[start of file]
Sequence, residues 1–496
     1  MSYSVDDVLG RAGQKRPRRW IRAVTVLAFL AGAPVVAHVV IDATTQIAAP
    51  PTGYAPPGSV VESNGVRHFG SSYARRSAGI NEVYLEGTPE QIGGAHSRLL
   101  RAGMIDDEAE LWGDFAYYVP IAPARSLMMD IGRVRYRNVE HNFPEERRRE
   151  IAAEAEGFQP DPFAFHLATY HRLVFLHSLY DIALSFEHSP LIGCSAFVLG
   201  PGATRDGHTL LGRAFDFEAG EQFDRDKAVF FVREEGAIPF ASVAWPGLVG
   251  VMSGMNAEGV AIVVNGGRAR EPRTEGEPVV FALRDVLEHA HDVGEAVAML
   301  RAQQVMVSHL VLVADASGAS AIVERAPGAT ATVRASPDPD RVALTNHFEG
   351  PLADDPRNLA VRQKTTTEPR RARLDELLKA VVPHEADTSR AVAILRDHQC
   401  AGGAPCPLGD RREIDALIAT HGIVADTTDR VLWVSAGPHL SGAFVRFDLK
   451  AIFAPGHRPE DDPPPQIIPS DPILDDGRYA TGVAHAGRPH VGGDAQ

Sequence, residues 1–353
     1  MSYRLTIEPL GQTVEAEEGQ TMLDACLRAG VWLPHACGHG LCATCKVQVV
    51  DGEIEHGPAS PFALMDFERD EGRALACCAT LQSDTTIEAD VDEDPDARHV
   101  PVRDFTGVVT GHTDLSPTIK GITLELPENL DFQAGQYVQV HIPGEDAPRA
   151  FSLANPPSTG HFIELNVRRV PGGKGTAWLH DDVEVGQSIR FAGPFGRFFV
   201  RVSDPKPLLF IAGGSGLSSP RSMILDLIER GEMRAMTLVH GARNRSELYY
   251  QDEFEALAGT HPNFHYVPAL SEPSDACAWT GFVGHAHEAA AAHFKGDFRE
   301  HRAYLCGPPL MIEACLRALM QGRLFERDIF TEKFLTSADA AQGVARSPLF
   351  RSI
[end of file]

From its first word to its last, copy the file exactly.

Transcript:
Sequence, residues 1–496
     1  MSYSVDDVLG RAGQKRPRRW IRAVTVLAFL AGAPVVAHVV IDATTQIAAP
    51  PTGYAPPGSV VESNGVRHFG SSYARRSAGI NEVYLEGTPE QIGGAHSRLL
   101  RAGMIDDEAE LWGDFAYYVP IAPARSLMMD IGRVRYRNVE HNFPEERRRE
   151  IAAEAEGFQP DPFAFHLATY HRLVFLHSLY DIALSFEHSP LIGCSAFVLG
   201  PGATRDGHTL LGRAFDFEAG EQFDRDKAVF FVREEGAIPF ASVAWPGLVG
   251  VMSGMNAEGV AIVVNGGRAR EPRTEGEPVV FALRDVLEHA HDVGEAVAML
   301  RAQQVMVSHL VLVADASGAS AIVERAPGAT ATVRASPDPD RVALTNHFEG
   351  PLADDPRNLA VRQKTTTEPR RARLDELLKA VVPHEADTSR AVAILRDHQC
   401  AGGAPCPLGD RREIDALIAT HGIVADTTDR VLWVSAGPHL SGAFVRFDLK
   451  AIFAPGHRPE DDPPPQIIPS DPILDDGRYA TGVAHAGRPH VGGDAQ

Sequence, residues 1–353
     1  MSYRLTIEPL GQTVEAEEGQ TMLDACLRAG VWLPHACGHG LCATCKVQVV
    51  DGEIEHGPAS PFALMDFERD EGRALACCAT LQSDTTIEAD VDEDPDARHV
   101  PVRDFTGVVT GHTDLSPTIK GITLELPENL DFQAGQYVQV HIPGEDAPRA
   151  FSLANPPSTG HFIELNVRRV PGGKGTAWLH DDVEVGQSIR FAGPFGRFFV
   201  RVSDPKPLLF IAGGSGLSSP RSMILDLIER GEMRAMTLVH GARNRSELYY
   251  QDEFEALAGT HPNFHYVPAL SEPSDACAWT GFVGHAHEAA AAHFKGDFRE
   301  HRAYLCGPPL MIEACLRALM QGRLFERDIF TEKFLTSADA AQGVARSPLF
   351  RSI